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Jenniffer González-Colón outlines priorities for the 2023 Farm Bill at the American Farm Bureau Federation’s Annual Convention

by | Jan 10, 2023 | Congress, Federal Government, Puerto Rico | 0 comments

At the 104th American Farm Bureau Federation’s Annual Convention, hosted for the first time in Puerto Rico, Resident Commissioner Jenniffer González-Colón (NPP, R) of Puerto Rico outlined her priorities for the islands for the upcoming 2023 Farm Bill. These include Puerto Rico’s transition to the Supplemental Nutrition Assistance Program (SNAP), increasing flexibilities for specialty crops and tropical agriculture under the United States Department of Agriculture (USDA) programs, and increasing research efforts on some of the Island’s main crops.

In October 2022, González-Colón hosted a roundtable with representatives of the agriculture industry on the islands to gather their input, and listen to their concerns and ideas for consideration for the next Farm Bill legislation, which authorizes most agriculture and nutrition programs under USDA for the next five years, starting in 2023. 

Some of the main issues discussed included the need to consider the particularities of specialty crops and tropical agriculture, increase Department personnel at state agencies to process applications and other types of assistance, and reinforce USDA’s disease and pest control efforts.  

“Plant pest and disease research is crucial because we import a great deal of what we consume. That makes us vulnerable to foreign diseases that could spread and cause severe damage to our agriculture sector,” said González-Colón.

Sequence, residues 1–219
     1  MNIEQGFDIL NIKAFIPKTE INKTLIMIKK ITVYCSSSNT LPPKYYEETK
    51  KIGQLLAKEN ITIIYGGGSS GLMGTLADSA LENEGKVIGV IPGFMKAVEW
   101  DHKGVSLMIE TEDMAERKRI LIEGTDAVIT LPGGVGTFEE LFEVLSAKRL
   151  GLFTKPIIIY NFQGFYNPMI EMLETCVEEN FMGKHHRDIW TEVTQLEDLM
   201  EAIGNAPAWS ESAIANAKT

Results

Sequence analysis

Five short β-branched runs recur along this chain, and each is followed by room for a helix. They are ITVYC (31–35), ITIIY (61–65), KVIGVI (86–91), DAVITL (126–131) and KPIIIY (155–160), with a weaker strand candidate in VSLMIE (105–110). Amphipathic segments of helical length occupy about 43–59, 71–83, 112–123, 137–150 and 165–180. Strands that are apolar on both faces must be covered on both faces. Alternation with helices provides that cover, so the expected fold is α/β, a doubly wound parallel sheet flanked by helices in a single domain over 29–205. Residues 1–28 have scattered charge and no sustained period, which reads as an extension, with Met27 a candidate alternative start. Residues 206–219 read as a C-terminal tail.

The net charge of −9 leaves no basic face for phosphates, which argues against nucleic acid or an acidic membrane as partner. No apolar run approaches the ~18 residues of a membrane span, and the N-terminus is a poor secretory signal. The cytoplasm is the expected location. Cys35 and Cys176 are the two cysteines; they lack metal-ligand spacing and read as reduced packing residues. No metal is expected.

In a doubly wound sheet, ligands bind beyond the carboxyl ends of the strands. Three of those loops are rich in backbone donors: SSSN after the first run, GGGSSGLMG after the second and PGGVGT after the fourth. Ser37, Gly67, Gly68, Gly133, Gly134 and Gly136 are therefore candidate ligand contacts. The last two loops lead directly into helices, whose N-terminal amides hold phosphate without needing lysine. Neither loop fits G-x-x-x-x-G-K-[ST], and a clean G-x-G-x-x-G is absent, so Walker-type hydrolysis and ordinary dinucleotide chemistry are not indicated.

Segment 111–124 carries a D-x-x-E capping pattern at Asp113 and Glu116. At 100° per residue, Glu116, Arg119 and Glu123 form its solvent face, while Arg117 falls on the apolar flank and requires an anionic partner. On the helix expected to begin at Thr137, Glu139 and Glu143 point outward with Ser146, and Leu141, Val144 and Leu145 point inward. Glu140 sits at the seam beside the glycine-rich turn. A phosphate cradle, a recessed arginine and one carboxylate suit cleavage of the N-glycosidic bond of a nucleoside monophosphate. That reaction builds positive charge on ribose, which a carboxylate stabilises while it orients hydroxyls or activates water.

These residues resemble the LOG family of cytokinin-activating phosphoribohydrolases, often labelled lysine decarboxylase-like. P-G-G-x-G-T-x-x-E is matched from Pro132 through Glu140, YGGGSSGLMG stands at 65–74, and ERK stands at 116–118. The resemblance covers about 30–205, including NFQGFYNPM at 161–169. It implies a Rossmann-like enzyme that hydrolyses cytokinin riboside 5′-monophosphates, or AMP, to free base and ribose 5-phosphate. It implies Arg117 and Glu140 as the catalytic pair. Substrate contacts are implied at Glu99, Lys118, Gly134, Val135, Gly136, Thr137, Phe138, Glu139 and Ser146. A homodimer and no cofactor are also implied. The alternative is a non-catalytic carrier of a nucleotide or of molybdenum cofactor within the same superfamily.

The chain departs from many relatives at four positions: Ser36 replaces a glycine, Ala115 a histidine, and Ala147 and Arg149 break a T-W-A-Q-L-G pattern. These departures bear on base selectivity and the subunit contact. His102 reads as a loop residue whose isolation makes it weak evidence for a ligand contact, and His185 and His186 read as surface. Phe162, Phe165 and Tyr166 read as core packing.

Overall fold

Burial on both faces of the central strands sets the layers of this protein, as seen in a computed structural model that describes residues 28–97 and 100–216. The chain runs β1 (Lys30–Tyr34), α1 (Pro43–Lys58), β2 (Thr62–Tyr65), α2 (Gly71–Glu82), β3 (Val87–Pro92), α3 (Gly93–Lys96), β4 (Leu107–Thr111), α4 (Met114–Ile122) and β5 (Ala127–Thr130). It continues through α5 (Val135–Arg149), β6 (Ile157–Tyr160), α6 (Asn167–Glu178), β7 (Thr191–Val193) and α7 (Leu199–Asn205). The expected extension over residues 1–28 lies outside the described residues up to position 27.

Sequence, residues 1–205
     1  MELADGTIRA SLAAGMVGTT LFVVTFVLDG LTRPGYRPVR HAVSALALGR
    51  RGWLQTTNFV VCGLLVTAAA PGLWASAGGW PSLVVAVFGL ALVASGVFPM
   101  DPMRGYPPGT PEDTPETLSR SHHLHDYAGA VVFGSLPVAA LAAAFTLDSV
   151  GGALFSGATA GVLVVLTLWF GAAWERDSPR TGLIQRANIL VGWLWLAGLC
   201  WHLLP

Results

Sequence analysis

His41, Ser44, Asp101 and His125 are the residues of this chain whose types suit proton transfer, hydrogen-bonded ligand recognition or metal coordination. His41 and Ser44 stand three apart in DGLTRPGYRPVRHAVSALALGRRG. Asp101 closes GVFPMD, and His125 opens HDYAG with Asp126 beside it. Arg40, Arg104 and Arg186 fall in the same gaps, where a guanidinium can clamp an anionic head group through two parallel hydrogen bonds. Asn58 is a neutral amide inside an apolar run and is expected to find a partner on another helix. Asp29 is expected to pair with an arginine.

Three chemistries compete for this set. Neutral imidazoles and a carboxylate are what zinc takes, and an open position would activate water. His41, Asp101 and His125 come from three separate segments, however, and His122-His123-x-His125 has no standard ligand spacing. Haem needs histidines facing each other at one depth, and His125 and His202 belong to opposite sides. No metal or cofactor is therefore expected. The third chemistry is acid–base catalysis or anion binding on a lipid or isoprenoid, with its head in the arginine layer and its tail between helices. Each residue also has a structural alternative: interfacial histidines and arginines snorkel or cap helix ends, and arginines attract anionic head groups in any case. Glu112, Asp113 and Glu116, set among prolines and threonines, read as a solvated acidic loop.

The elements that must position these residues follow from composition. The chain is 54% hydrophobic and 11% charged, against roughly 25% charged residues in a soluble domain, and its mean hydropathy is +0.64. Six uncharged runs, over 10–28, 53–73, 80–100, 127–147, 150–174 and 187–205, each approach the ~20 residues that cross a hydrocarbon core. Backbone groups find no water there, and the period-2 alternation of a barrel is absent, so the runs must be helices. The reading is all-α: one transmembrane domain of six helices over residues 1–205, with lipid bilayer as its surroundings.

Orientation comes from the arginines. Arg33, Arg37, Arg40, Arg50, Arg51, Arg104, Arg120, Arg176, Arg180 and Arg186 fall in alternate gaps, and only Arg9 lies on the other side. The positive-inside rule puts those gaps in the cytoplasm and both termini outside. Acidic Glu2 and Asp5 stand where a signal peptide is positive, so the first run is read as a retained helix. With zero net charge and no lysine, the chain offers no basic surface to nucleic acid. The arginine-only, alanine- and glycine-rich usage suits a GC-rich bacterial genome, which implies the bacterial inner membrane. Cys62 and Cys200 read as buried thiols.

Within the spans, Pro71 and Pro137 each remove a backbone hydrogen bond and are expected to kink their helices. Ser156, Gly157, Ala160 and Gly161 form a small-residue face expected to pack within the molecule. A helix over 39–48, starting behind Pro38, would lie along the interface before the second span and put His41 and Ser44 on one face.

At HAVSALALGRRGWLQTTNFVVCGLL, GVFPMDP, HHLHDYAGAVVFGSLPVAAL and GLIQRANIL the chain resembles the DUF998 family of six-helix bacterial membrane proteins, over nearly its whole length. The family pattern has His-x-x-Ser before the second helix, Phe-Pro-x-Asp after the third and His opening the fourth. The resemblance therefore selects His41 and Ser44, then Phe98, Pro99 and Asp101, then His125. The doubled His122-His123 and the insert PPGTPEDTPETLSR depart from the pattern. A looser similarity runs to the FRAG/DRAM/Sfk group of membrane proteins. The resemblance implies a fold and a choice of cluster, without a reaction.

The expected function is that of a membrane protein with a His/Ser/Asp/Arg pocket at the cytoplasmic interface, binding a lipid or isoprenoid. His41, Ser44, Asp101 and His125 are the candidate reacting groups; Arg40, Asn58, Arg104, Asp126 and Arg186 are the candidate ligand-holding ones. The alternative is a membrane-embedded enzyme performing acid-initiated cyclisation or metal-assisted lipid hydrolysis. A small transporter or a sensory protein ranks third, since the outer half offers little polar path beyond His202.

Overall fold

González-Colón also recognized the importance of the dairy sector on the islands and looking out for their specific needs.

“I understand one of the ways in which we can support the dairy sector is by fostering resiliency and improving land management. We rely heavily on imported feed since feed production is limited on the islands. We are working alongside the dairy sector to understand what alternatives and ideas fit their needs. We have the Farm Bill coming up, and hopefully, we can find some opportunities to be helpful,” the Resident Commissioner added. 

On the question of ways to support young farmers, González-Colón added, “Broadening education is one of the best ways in which we can support young farmers. In Puerto Rico, we have several schools and universities that offer agriculture education courses. We need to ensure they have the resources to continue supporting and expanding educational opportunities. Just recently, Congress approved a Community Project Funding request I submitted for Fiscal Year 2023 of $942,000 for the construction of the Institute for Sustainable Biotechnology at the Inter-American University in Barranquitas. This will essentially be a laboratory that will produce in-vitro seeds to help increase crop yield and educate farmers on how to use them, and best practices. All the university level.” 

Lastly, the Resident Commissioner encouraged the audience to participate in the 2022 Census of Agriculture “I encourage everyone to participate since these items and data will be used for the next 5 years when the following agricultural census is expected to be published.” 



William-Jose Velez Gonzalez

William-Jose Velez Gonzalez

William-José Vélez González is a native from Mayagüez, Puerto Rico, and a graduate from Florida International University in biomedical engineering, engineering management, and international relations. A designer with a strong interest in science, policy, and innovation, he previously served as the national executive vice president of the Puerto Rico Statehood Students Association. William-José lives in Washington, DC, where he works at the Children's National Research Institute and runs Opsin, a nonprofit design studio dedicated to making design more accessible. You can see him on Love is Blind as Lydia's brother. He is the founder and Editor in Chief of Pasquines.


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